Accountability Raises PsyCap
You might have a hard time saying that 10 times quickly, but that doesn’t make it any less true. It’s been proven by scholarship in the emerging field of positive organizational behavior, but it also reflects the experiences of anyone who has managed people for more than a few days. Just think about the times when you’ve had one of those grumpy, glass-half-empty folks on your team. An Eeyore isn’t very productive and tends to drag down the productivity of others, as well
What’s less well known, however, is how personal accountability creates more positive people—the kind of people you fight to have on your team. That’s because personal accountability improves your team’s PsyCap.
My team’s what? you ask.
Psychological capital, or PsyCap, is a relatively new term researcher coined when describing the benefits of positivity. Dr. Fred Luthans, the George Holmes Distinguished Professor of Management at the University of Nebraska-Lincoln, has identified four PsyCap components: self-efficacy, hope, optimism, and resilience.
Luthans and his fellow researchers believe people can develop these elements through brief training interventions. But what kind of training addresses all of these psychological constructs? Does it even exist? The answer is found in a familiar, yet unlikely, place: personal accountability. By developing the skill of accountability, we build PsyCap, which leads to healthier, more productive organizations.
Let’s examine the four elements of PsyCap through the lens of accountability:
- Self-efficacy is having confidence in your ability to get things done—even when the stakes are high. Accountable people get things done. They are able to choose the right strength at the right time to make it happen no matter what it may be.
- Hope is the capacity to persevere toward a goal. Accountable people are committed to their goals because they are clear about why the goals are important on a personal level. This creates a sense of ownership and makes the task at hand far more than an item on a daily “to do” list or an entry on the job description. Instead, the each task can become meaningful, and worthy of their best effort and diligence.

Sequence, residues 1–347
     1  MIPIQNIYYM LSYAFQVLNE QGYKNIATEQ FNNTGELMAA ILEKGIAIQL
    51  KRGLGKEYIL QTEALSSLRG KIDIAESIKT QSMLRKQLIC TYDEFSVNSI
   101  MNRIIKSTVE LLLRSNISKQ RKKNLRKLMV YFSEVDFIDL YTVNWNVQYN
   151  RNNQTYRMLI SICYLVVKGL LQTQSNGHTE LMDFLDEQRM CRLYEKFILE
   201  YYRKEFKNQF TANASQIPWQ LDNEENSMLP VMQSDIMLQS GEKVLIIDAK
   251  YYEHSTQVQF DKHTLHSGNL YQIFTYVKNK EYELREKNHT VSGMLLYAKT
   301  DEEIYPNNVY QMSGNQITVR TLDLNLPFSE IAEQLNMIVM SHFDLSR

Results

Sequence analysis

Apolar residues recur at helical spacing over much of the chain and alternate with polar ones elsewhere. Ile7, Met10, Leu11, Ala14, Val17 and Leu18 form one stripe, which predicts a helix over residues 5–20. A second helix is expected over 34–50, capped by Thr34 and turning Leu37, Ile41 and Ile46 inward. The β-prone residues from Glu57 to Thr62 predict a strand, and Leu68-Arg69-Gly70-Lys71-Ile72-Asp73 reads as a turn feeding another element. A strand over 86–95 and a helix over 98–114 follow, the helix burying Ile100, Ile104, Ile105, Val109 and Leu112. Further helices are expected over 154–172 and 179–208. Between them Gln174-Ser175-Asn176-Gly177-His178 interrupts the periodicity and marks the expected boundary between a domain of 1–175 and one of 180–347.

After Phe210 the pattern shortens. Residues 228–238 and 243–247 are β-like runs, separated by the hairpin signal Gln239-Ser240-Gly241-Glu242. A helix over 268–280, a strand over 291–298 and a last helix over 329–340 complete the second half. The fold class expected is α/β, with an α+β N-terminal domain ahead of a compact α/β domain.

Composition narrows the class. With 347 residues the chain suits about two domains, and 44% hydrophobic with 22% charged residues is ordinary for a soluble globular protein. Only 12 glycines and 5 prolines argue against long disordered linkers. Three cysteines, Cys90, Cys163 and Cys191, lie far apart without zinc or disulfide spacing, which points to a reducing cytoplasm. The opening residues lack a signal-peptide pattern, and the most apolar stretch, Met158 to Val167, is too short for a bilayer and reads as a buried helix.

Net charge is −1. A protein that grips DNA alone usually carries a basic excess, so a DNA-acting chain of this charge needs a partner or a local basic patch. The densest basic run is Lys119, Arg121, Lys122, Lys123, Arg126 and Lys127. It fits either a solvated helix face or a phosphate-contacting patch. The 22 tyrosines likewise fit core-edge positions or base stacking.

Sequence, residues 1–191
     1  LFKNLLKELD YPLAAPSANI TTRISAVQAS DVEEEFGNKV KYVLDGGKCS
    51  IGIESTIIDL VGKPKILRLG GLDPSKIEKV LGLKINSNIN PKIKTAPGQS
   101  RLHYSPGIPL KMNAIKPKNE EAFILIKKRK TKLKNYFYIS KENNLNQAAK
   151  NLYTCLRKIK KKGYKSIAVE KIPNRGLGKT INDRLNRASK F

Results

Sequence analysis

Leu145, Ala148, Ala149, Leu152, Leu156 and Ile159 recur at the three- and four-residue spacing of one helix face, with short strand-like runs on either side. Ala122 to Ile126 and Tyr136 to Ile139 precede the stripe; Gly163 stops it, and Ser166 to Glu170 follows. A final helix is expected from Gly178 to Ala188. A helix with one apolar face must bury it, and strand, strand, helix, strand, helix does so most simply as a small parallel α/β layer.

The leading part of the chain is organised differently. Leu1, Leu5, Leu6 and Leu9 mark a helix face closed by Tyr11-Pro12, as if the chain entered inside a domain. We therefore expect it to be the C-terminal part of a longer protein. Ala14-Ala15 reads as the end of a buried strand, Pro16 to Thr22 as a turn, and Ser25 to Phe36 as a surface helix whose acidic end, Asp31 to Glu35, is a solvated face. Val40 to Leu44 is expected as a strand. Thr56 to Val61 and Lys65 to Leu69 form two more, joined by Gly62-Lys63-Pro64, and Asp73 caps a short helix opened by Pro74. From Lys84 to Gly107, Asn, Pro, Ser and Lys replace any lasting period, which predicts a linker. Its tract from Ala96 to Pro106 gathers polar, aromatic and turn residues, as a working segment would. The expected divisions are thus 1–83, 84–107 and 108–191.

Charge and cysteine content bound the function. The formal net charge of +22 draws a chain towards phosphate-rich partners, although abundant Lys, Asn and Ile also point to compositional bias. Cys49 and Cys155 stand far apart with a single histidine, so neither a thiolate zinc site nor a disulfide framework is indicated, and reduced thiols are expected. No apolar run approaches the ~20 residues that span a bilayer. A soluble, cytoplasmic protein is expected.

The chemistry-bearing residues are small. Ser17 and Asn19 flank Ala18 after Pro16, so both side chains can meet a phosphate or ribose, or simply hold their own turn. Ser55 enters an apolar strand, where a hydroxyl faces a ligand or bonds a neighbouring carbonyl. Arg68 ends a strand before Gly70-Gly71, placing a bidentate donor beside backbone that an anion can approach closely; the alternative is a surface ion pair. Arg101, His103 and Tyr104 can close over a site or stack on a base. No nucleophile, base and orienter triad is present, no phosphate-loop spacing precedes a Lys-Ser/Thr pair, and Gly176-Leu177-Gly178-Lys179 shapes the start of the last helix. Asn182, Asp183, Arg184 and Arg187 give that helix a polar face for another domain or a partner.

- Optimism is a belief that you will succeed now and in the future. Accountable people make realistic assessments of their situations, but remain optimistic because they know that they can target their behaviors in ways that increase the probability of success. They also know that there are different ways to reach their goals, so adjustments and course corrections are embraced as part of the process.
- Resiliency is the ability to recover and bounce back after setbacks. Accountable people know they have options, so there are always other avenues to pursue if an initial attempt falls short. And because they are anchored to the worthiness of the goal, they are willing to try different approaches until the job gets done—even if it means overcoming major obstacles.
Organizations can develop the skill of accountability and increase PsyCap in their employees. The best way to do this is through Core Strengths Accountability, a structured, but highly interactive, one-day workshop. This unique training combines two personalized assessments, the Strength Deployment Inventory (SDI) and Strengths Portrait, to create ownership and initiative—the indispensable elements of accountability. Learn more
What’s this new form of capital worth? Answer that question for yourself the next time you hear a colleague complaining about a lack of resources, poor products, or customers who just aren’t buying what your company is selling. Accountable people are confident, hopeful, optimistic, and resilient. And who wouldn’t want to be surrounded by these elite, highly capitalized folks?